A fascinating look at the race to the North Pole. Who got there first, Peary or Cook? The author doesn't say, but insuates that Cook got there first, and Peary probably didn't make it at all. The difficulty of Artic travel is well described, and the arrogance of the white man, especially Peary is shown throughout. These were brave men trying to do something no one had ever done before.
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A sad commentary on the politics of exploration but a good read. A good book that made me want to bash Peary on the head. Cook is a new hero of mine - a man of honor, adventure and integrity.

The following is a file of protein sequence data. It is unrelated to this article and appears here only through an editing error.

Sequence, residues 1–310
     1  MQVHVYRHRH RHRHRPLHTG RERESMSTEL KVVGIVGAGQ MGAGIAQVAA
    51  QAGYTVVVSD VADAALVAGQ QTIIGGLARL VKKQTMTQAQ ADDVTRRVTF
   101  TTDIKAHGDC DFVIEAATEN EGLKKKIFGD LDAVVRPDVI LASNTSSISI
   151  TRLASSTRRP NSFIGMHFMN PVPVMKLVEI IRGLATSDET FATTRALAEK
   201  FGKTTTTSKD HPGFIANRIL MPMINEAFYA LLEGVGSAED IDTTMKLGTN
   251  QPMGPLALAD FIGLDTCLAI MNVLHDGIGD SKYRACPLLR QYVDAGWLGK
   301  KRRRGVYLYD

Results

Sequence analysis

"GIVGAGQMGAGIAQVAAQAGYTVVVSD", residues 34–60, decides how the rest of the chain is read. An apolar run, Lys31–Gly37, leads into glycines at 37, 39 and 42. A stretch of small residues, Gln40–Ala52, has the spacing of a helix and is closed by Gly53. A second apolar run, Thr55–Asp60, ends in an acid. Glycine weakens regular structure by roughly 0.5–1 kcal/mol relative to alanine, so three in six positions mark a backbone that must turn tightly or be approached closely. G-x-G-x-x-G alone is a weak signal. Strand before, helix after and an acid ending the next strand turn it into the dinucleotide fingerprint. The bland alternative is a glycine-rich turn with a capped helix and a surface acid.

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I just might think of his journeys every time I stare at the north star. Dec 28, Valorie rated it liked it Shelves: historical-nonfiction , nonfiction. Frederick A.
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Cook or Navy Officer Robert E. Both claimed to have reached it within one year of each other, Cook in April of and Peary in April of Historically, credit for the North Pole discovery has gone to Peary, and much criticism has been aimed at Cook for fabricating his story. Henderson addresses the possibility that Cook may have reached the Pole first and has thus been cheated of his acclamation.